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Slow-Roasted Summer Tomatoes

Roasting tomatoes extends their shelf life--just store them in a jar in the fridge 'til you're ready to use them.(Photo by James Brosher)

After a few months of stepping away from the blog, I’m back! I fell off the writing wagon for awhile because life got busy, and I honestly wasn’t feeling very inspired in the kitchen. Sometimes you just have to get a meal on the table as quickly as possible, and there aren’t enough hours in the day to make the perfect meal. But, that’s life! I hoped things would slow down a bit over the summer, but this seems to be our busiest season every year. There’s just so much going on in June and July — holidays, birthdays, all sorts of celebrations. It’s all so much fun, but it can be difficult to juggle.

But there’s something about all of the delicious, fresh produce that comes along during the summer that makes me want to embrace simplicity. When you have high-quality ingredients that are naturally bursting with flavor, there’s no need for meals to get complicated. I can’t get enough melon lately, and the tomatoes I’ve been picking from our garden are to die for. I didn’t like tomatoes at all as a kid, but they’re one of my favorite summer treats as an adult.

While BLTs and panzanella are delicious, my favorite way to enjoy summer tomatoes is actually by slow roasting them. We grow three varieties in our garden and, when I’ve got more tomatoes than I know what to do with, I throw them in the oven for a couple of hours with some good olive oil and fresh herbs. Cooking them low and slow almost caramelizes the tomatoes, drawing out their sweet and acidic flavors. And, they make your house smell delicious — definitely worth turning the oven on for in the middle of the summer.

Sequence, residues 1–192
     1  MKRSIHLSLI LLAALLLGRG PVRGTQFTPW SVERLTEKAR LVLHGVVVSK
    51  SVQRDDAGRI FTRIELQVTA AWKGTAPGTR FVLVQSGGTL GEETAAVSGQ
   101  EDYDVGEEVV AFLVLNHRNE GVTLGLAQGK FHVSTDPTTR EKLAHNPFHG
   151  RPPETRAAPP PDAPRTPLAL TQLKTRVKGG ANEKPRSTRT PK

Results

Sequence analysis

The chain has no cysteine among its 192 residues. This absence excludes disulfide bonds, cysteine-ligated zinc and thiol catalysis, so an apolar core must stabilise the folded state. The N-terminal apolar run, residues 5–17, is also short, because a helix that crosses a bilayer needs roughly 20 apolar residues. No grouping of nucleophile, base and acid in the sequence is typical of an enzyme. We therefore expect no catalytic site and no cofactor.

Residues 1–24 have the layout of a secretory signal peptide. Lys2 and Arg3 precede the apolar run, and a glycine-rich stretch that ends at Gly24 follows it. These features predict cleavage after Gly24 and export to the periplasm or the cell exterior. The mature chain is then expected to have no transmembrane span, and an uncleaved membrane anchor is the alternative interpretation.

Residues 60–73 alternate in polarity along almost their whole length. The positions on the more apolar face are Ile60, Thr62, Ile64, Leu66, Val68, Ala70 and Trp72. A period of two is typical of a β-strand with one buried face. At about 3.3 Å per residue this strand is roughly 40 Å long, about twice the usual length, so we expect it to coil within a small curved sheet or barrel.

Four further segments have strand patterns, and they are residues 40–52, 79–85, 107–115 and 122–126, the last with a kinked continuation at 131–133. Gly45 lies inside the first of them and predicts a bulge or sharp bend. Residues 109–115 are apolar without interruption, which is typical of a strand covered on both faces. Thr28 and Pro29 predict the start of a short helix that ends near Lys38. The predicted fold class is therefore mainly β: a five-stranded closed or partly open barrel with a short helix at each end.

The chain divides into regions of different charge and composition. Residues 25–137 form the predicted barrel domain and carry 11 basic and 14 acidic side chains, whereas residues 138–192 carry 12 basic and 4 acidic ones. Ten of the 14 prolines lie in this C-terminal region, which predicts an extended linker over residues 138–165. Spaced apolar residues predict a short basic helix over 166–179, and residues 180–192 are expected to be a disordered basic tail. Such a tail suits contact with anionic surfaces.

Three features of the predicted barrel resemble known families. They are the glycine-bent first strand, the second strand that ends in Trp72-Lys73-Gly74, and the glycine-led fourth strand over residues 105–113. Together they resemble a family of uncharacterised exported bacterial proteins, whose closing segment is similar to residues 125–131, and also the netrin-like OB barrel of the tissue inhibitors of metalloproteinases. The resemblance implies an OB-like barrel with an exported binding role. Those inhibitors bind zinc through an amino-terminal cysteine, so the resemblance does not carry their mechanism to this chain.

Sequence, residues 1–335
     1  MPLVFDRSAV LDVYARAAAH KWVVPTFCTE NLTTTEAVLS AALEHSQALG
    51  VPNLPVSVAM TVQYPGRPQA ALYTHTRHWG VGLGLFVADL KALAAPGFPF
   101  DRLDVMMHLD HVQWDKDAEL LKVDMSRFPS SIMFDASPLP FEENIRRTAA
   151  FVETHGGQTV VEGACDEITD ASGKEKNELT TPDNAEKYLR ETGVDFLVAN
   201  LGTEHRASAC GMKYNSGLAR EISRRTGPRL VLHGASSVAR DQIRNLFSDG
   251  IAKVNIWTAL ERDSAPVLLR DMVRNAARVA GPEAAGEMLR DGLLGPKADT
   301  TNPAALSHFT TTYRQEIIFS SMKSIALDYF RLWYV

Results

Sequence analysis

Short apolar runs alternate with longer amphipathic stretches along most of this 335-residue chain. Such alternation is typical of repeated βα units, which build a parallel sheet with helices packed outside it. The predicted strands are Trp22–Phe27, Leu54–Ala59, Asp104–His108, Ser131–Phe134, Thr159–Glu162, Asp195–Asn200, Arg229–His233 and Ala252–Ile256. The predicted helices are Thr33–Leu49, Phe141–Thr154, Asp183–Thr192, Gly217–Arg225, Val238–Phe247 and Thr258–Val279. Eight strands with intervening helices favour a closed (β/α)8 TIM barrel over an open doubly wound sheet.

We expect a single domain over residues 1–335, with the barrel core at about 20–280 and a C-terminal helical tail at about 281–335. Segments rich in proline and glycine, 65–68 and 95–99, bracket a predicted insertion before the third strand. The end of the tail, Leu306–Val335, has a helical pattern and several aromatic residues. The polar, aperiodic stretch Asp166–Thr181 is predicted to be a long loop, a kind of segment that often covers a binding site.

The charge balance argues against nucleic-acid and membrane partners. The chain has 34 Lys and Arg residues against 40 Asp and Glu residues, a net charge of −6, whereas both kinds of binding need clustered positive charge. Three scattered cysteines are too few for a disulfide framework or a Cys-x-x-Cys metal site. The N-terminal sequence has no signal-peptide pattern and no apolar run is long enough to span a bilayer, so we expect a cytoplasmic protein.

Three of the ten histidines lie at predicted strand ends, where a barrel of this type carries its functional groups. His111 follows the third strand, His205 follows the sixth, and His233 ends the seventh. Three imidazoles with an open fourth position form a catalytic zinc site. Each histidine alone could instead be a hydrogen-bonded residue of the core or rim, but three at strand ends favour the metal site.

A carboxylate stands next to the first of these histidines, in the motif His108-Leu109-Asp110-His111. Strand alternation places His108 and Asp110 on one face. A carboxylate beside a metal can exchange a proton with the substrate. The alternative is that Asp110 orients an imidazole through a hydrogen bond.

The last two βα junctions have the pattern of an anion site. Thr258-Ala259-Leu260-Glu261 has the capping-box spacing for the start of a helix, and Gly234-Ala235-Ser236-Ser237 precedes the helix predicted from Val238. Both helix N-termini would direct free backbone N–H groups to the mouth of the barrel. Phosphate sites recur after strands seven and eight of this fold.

Once the tomatoes are done roasting, you can store them in a jar in the fridge until you’re ready to use them. I like to throw them on sandwiches and salads, but they also make for the best pasta or pizza sauce ever. All you have to do is sauté some chili flakes and garlic in a saucepan, then add the tomatoes and crush them up a bit with a wooden spoon to draw out some of the juices. I like my sauce thick and rustic, so I just let it simmer this way until it breaks down a bit and the flavors come together. Throw some chopped basil in at the end and you have a ridiculously delicious sauce.

You can use this recipe with any type of tomato, but the cooking time will vary based on their size. If you’re roasting several varieties at once, you’ll want to keep a close eye on them and pull out the smaller tomatoes early so they don’t get burnt. I like this recipe best with a variety of cherry and Roma tomatoes.[amd-zlrecipe-recipe:321]

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